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Stewart v. Cabrera

United States District Court, E.D. Missouri, Northern Division

April 4, 2017

WAYNE STEWART, Plaintiff,
v.
TOMAS CABRERA, et al., Defendants.

          OPINION, MEMORANDUM AND ORDER

          HENRY EDWARD AUTREY UNITED STATES DISTRICT JUDGE

         This matter is before the Court on review of plaintiff's complaint under 28 U.S.C. § 1915(e). Upon review, the Court finds that some of the defendants must be dismissed for failure to state a claim upon which relief can be granted.

         Standard of Review

         Under 28 U.S.C. § 1915(e), the Court is required to dismiss a complaint filed in forma pauperis if it is frivolous, malicious, or fails to state a claim upon which relief can be granted. To state a claim for relief, a complaint must plead more than “legal conclusions” and “[t]hreadbare recitals of the elements of a cause of action [that are] supported by mere conclusory statements.” Ashcroft v. Iqbal, 556 U.S. 662, 678 (2009). A plaintiff must demonstrate a plausible claim for relief, which is more than a “mere possibility of misconduct.” Id. at 679. “A claim has facial plausibility when the plaintiff pleads factual content that allows the court to draw the reasonable inference that the defendant is liable for the misconduct alleged.” Id. at 678. Determining whether a complaint states a plausible claim for relief is a context-specific task that requires the reviewing court to draw on its judicial experience and common sense. Id. at 679.

         When reviewing a complaint under 28 U.S.C. § 1915(e), the Court accepts the well-pled facts as true. Furthermore, the Court liberally construes the allegations.

         The Complaint

         Plaintiff brings this action under 42 U.S.C. § 1983 for denial of medical care. Before he was incarcerated, plaintiff was shot in the face by a deputy sheriff for Jasper County. The wound primarily affected his jaw, and he underwent facial reconstructive surgery. The surgeon mounted an “ephemeral steel plate” in his left mandible. Subsequently, another surgeon told plaintiff he would need a bone graft to replace the plate because of a one-inch gap in the mandible, which was caused by missing bone from the gunshot wound.

         Plaintiff was convicted in 2011, and he was subsequently incarcerated at the Crossroads Correctional Center. While there, he filed numerous requests for medical care because the nonunion of the steel plate with his mandible was causing severe pain. The medical staff there refused to treat him. And his caseworker told him that the Missouri Department of Corrections and Corizon, Inc. (“Corizon”), were not required to treat any injuries he suffered pre-incarceration.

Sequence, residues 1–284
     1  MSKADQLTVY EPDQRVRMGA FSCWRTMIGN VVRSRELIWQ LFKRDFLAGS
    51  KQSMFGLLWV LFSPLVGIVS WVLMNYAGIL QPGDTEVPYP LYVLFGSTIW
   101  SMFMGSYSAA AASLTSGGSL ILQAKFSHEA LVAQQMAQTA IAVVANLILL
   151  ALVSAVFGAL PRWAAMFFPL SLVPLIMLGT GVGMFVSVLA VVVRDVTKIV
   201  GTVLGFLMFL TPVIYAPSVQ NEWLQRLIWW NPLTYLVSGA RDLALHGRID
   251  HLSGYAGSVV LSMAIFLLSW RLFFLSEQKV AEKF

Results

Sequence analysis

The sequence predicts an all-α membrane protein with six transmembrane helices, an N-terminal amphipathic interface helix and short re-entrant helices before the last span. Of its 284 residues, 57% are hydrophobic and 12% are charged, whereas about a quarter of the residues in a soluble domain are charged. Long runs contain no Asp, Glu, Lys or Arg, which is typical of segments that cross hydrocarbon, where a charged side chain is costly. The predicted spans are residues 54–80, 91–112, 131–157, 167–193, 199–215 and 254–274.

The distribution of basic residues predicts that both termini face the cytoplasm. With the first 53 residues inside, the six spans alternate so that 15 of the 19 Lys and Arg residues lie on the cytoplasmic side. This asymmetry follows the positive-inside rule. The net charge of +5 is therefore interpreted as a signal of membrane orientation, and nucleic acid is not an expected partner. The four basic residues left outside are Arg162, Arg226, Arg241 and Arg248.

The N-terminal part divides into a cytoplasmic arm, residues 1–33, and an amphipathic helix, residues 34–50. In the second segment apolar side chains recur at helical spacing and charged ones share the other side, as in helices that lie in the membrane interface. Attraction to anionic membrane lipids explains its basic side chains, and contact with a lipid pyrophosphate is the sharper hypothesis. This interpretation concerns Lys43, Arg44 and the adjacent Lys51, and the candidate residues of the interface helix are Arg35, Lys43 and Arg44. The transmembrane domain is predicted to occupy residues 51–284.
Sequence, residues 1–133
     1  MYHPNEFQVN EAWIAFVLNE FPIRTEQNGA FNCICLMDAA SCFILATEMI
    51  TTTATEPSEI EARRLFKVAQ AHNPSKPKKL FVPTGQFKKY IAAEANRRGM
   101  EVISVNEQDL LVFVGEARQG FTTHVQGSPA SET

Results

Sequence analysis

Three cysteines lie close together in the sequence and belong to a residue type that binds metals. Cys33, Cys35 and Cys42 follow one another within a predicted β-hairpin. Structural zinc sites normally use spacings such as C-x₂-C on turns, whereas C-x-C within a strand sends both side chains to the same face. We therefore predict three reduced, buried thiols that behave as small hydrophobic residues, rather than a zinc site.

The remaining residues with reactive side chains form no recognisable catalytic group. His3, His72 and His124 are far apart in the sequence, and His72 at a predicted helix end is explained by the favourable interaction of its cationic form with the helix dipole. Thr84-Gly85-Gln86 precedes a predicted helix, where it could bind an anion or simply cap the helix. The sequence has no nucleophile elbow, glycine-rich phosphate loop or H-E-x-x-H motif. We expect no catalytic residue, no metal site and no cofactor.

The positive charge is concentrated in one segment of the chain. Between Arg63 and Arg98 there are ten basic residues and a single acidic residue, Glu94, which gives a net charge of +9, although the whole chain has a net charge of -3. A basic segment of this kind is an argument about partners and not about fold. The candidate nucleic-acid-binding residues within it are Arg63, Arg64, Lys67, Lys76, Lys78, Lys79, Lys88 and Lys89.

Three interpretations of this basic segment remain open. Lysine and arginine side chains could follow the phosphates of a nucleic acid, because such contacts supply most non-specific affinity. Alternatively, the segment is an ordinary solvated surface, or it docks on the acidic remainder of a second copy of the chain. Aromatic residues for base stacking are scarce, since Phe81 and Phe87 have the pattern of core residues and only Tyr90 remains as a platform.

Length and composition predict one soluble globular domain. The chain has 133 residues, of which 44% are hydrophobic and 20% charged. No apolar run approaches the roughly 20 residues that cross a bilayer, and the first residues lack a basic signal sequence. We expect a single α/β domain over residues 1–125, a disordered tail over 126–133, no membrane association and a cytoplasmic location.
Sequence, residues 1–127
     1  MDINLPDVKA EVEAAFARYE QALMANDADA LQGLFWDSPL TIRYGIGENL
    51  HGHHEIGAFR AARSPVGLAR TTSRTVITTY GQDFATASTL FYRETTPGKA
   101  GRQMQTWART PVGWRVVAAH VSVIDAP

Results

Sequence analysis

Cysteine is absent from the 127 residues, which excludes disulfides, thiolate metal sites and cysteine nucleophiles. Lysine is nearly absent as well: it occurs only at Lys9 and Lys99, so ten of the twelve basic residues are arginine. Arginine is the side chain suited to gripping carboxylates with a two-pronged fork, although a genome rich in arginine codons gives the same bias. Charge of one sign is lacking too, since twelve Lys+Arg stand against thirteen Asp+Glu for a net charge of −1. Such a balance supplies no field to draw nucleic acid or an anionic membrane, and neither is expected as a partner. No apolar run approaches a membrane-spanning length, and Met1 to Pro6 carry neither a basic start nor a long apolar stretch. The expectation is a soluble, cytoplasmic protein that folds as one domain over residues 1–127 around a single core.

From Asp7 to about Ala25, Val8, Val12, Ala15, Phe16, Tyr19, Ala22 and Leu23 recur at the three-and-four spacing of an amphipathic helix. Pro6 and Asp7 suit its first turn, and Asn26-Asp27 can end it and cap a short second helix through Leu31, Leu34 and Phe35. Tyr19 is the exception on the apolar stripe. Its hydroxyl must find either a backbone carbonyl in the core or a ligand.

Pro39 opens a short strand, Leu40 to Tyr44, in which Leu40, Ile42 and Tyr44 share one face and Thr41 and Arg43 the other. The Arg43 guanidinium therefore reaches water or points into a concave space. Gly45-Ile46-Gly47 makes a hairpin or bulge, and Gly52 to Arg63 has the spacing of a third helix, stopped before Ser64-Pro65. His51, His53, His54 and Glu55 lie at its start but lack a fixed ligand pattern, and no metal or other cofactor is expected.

Plaintiff was transferred to the Northeastern Correctional Center in March 13, 2013. Upon his arrival, he requested surgery for the non-union and his pain. Defendant Dr. Cabrera refused to provide him with any treatment. As a result, his left mandible re-fractured in September 2014.

         Dr. Cabrera then ordered an X-ray of his left mandible. He did not, however, prescribe pain medication. The X-ray showed that the plate holding his mandible together had become disconnected. It was reiterated to plaintiff that Corizon was not responsible for treating pre-incarceration injuries and that the needed surgery was too expensive.

         Plaintiff saw a specialist in February 2015, who said plaintiff needed an emergency surgery to place a bone graft in his jaw. No surgery was performed. Plaintiff was sent to see Defendant Ernest Jackson, a dentist for defendant Jackson Institutional Dental Services, about a month later. Jackson ordered more X-rays, regardless of the fact that more than five X-rays had already been taken, including a “panorex full 3-D x-ray procedure in January 2015 . . .” Jackson had plaintiff's previous X-rays before the appointment.

         In August 2015, Corizon approved the recommended surgery, during which, a skin graft was placed inside his mouth. After the surgery, plaintiff suffered severe nerve damage, loss of bone and muscle, and infections in his jaw.

         Plaintiff informed Dr. Cabrera and Jackson that the skin graft was not healing, and as a result, he was suffering severe pain and could not eat or sleep. Cabrera gave him an antibiotic that did not cure the infection.

         Plaintiff wrote letters to Defendants Tammy Anderson, William Jones, and ...


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